Scoring the Cognitive Landscape

Imagine a specific population of birds living in a forest. Forest is not a homogeneous area by definition, and resources are variously located in the forest. This distribution depends on several physical, biological, and ecological processes that have nonuniform distributions.

Perturbations originating external to the forest, such as hurricanes, logging, and fire can modify shape, history, and spatial aggregation of individual plants. Soil reflects differences in nutrient content, water availability, fungi, and bacteria. All these factors influence the distribution of plants, their individual history, and the collective shape of the forest. Now we investigate the distribution of individuals of a species of bird, for instance the European robin (Erithacus rubecula). The distribution of this species in the forest is not homogeneous. There are areas of high and low density. At first sight this pattern is the result of the distribution of resources, and a multitude of studies try to link resource distribution and birds. But if we try to define a resource, we immediately think of food and water. In reality, organisms need more types of "resources" from the environment. For a bird these could be: food, water, opportunity to acquire a mate, nesting site, singing place, resting place, anti-predatory refuge, roosting place, flying space, and feeding space.

It is evident that the meaning of "resource" has been enlarged, and, in addition to biomass availability, we have considered also environmental and social conditions like safety.

This list could be enlarged according to the species considered.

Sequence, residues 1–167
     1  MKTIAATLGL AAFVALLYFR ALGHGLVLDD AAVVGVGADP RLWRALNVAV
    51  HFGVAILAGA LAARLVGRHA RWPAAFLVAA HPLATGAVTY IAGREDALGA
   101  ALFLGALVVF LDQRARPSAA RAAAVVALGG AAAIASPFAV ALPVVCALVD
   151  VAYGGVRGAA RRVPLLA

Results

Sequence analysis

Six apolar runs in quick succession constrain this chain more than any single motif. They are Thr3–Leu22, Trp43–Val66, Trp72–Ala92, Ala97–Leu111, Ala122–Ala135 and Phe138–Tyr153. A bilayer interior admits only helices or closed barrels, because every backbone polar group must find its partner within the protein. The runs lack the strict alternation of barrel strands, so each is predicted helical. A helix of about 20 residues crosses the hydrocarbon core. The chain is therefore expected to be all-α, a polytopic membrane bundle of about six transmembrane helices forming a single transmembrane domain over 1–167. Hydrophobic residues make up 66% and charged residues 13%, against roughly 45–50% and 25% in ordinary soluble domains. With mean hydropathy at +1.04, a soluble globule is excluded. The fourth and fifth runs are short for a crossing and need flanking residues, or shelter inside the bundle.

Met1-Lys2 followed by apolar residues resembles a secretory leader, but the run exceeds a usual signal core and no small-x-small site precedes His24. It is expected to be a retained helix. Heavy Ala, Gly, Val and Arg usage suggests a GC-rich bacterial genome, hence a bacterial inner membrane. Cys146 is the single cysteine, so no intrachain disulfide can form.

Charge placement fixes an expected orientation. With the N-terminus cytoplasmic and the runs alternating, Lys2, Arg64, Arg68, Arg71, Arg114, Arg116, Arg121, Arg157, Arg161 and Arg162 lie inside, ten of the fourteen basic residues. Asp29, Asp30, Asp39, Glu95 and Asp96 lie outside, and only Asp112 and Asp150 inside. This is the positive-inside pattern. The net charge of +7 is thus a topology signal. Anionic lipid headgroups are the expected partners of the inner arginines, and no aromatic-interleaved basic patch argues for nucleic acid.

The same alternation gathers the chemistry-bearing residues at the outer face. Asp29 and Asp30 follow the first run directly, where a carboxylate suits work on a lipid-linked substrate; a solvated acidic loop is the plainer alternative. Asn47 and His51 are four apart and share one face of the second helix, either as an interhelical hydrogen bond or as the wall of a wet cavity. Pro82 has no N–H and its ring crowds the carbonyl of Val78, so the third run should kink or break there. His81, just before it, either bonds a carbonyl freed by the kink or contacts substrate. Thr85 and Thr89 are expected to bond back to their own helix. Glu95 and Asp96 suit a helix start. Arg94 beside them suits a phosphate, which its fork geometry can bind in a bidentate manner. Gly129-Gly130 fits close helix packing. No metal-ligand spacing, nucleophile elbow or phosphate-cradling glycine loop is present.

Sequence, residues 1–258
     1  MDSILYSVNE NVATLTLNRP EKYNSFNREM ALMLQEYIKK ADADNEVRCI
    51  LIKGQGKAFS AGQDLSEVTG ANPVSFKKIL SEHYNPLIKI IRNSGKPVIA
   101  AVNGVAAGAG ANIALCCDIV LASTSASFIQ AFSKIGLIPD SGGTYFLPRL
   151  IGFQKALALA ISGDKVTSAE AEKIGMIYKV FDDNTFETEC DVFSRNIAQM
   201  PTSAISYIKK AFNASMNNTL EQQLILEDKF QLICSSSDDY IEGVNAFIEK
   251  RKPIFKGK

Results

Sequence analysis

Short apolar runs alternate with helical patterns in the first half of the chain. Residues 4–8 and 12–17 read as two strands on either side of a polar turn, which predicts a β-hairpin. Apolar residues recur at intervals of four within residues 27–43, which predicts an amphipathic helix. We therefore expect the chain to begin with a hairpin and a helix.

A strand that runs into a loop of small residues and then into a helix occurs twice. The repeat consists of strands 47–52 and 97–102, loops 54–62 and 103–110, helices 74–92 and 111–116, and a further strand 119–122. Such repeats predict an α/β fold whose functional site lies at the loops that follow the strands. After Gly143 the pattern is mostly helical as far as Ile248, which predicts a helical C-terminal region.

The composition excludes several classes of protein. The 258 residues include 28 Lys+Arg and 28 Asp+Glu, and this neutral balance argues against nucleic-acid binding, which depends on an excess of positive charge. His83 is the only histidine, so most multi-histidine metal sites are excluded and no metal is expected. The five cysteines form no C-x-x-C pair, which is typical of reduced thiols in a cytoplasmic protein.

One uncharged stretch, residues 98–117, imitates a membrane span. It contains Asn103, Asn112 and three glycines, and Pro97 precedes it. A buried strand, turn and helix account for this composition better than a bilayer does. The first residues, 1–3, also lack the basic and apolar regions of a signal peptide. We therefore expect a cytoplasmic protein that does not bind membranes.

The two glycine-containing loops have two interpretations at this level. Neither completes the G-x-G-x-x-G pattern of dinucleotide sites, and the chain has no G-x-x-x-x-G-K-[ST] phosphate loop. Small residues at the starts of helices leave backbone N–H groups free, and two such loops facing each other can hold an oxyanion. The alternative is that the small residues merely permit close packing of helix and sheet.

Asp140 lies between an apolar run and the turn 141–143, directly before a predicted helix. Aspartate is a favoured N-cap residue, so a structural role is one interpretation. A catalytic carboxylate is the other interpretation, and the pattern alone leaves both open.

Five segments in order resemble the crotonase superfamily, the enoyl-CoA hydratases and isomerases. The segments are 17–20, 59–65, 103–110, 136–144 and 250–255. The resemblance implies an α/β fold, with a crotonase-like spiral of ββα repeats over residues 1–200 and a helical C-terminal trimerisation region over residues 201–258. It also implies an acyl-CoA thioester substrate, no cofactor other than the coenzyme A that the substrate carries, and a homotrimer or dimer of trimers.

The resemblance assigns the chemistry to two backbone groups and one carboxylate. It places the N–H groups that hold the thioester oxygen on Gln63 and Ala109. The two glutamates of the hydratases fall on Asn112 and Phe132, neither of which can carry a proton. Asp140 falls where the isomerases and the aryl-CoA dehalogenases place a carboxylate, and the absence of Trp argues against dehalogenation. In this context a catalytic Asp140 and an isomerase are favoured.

For every need an individual requires a specific "resource" that is intercepted by cognitive mechanisms mediated by specific sensors, such as the eye, ear, nose, tactile sensor, etc. or by "behavior" sensors, such as the choice of roosting place or by cultural and experiential tools.

Every function activated by a specific physiological requirement needs a space in which to find a "structural coupling" with the environment (Fig. 8.8). I have called this space the "eco-field." According to the meaning theory of von Uexkull, the eco-field could be considered "a spatial configuration carrier of meaning" (Fig. 8.4). By definition a space has borders and, consequently, a dimension. Inside the eco-field the conditions to perform that specific function are not isomorphic and heterogeneity creates conditions with a different quality inside a specific eco-field. But assuming that a final unique score can be attributed at every eco-field of a selected species, the quality of the environment in which an individual resides depends on the score of each eco-field. And in turn the score of each eco-field determines the fate of that individual. Let me present another example. If all eco-fields have high scores -except for predation susceptibility which is very high and registers as a low score -survival will be extremely low.

Cognitive landscape

• Eco-field c "*- Function c ^ Need c y Eco-field d ^- Function d ^^ Need d

Fig. 8.8 The cognitive landscape is the combined perception and interpretation through the composing eco-fields. This is a unifying principle that can be applied to every species. The activation of a function is necessary to accomplish a need. Every function refers to a cognitive template (cognitive map) that is used for scanning the surroundings to find the corresponding spatial configuration carrier of meaning necessary to intercept the resource